Track topics on Twitter Track topics that are important to you
The benefits of the CRISPR/Cas9 system for use in directly targeting mutations of genetic disorders has been reported widely over the past several years. However, another advantage of this genome-editing technique is the ability to utilize it as a screening tool for drug development—which is exactly what researchers from the Wellcome Trust Sanger Institute and their collaborators have done to find new therapeutic targets for acute myeloid leukemia (AML). The investigators were able to identify a significant number of genes that could serve as potential targets for anti-AML treatments. Moreover, the Sanger team described how inhibition of one of the genes they found—KAT2A—destroys AML cells without harming nonleukemic blood cells. The findings from this new study were published recently in Cell Reports in an article entitled “A CRISPR Dropout Screen Identifies Genetic Vulnerabilities and Therapeutic Targets in Acute Myeloid Leukemia.” AML is an aggressive cancer that proliferates ...
Original Article: CRISPR Screen Finds New Potential Leukemia Drug TargetNEXT ARTICLE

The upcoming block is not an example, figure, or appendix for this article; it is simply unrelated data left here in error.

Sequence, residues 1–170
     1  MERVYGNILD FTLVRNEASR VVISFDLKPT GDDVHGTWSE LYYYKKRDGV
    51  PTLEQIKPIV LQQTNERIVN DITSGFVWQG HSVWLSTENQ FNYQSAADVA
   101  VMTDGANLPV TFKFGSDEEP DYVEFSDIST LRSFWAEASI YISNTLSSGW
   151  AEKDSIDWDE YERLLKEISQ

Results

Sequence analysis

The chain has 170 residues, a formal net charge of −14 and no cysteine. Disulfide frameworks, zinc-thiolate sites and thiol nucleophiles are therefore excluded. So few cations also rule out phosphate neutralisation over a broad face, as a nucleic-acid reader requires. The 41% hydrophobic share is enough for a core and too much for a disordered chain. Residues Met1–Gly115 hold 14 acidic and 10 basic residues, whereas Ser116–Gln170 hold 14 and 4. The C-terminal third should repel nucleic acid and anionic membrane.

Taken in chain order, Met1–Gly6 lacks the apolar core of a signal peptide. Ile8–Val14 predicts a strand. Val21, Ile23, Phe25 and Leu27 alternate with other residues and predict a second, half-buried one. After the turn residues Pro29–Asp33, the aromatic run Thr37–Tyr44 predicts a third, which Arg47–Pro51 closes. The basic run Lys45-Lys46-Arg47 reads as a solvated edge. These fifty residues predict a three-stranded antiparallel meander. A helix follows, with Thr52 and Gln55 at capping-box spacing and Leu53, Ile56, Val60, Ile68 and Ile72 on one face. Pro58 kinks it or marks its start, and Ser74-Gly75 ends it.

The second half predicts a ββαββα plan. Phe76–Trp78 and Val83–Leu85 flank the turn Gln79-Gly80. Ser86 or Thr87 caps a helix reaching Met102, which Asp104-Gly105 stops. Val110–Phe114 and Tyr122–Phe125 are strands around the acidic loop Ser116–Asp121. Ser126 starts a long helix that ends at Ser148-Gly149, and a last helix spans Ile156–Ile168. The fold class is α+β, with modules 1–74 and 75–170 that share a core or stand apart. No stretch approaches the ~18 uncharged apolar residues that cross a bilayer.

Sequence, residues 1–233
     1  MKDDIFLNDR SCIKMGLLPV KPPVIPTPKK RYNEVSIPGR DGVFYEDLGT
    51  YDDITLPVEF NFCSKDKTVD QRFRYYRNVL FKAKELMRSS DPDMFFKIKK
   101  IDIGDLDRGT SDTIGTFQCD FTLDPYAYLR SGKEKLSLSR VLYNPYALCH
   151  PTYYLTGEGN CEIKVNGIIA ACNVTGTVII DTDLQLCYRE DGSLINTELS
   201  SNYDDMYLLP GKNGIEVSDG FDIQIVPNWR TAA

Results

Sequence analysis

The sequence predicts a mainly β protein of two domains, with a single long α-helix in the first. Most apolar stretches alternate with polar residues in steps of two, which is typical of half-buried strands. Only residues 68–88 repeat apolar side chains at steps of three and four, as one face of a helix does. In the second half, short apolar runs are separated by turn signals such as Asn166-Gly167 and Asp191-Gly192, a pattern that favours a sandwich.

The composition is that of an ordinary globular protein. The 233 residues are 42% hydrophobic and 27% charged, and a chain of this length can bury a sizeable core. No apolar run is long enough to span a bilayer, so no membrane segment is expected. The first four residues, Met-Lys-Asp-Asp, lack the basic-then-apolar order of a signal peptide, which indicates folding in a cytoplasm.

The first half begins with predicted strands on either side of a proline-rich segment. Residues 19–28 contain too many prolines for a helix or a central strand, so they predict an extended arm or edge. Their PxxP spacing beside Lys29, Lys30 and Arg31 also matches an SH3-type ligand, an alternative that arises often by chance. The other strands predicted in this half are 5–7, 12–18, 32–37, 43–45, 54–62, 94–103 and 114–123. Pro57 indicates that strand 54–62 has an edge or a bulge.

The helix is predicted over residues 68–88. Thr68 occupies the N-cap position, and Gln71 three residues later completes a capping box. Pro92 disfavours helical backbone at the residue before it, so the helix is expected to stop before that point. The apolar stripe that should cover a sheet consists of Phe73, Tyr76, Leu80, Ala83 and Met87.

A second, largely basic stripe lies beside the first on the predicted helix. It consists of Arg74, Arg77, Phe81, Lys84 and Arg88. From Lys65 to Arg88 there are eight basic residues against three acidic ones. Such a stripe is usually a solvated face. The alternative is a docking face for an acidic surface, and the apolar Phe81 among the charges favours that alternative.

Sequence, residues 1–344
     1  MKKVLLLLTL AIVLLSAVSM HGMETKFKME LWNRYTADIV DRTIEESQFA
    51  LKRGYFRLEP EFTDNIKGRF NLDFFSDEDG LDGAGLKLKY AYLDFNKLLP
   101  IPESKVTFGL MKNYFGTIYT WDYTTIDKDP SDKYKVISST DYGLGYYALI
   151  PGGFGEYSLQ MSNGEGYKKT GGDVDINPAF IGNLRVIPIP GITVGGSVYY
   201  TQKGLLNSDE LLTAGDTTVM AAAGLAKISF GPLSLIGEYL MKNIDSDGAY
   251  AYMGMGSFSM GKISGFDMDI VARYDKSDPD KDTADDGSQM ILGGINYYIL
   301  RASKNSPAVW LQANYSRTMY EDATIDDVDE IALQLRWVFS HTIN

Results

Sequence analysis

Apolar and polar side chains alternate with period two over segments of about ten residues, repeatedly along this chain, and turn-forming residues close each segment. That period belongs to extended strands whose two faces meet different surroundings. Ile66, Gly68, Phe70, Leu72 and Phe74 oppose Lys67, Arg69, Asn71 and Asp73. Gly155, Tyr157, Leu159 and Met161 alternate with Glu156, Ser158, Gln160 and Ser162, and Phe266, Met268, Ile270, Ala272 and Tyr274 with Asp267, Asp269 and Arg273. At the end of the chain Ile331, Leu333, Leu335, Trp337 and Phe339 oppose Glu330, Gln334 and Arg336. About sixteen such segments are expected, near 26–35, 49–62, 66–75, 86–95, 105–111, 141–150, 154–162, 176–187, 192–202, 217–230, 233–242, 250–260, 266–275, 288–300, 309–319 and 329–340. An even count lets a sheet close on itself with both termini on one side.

Bioinformatics is the application of computer software and hardware to the management of biological data to create useful information. Computers are used to gather, store, analyze and integrate biological and genetic information which can then be applied...
Pharmacy is the science and technique of preparing as well as dispensing drugs and medicines. It is a health profession that links health sciences with chemical sciences and aims to ensure the safe and effective use of pharmaceutical drugs. The scope of...
Leukemia is a type of cancer of the blood or bone marrow characterized by an abnormal increase of immature white blood cells called "blasts". Leukemia is a broad term covering a spectrum of diseases. In turn, it is part of the even broader grou...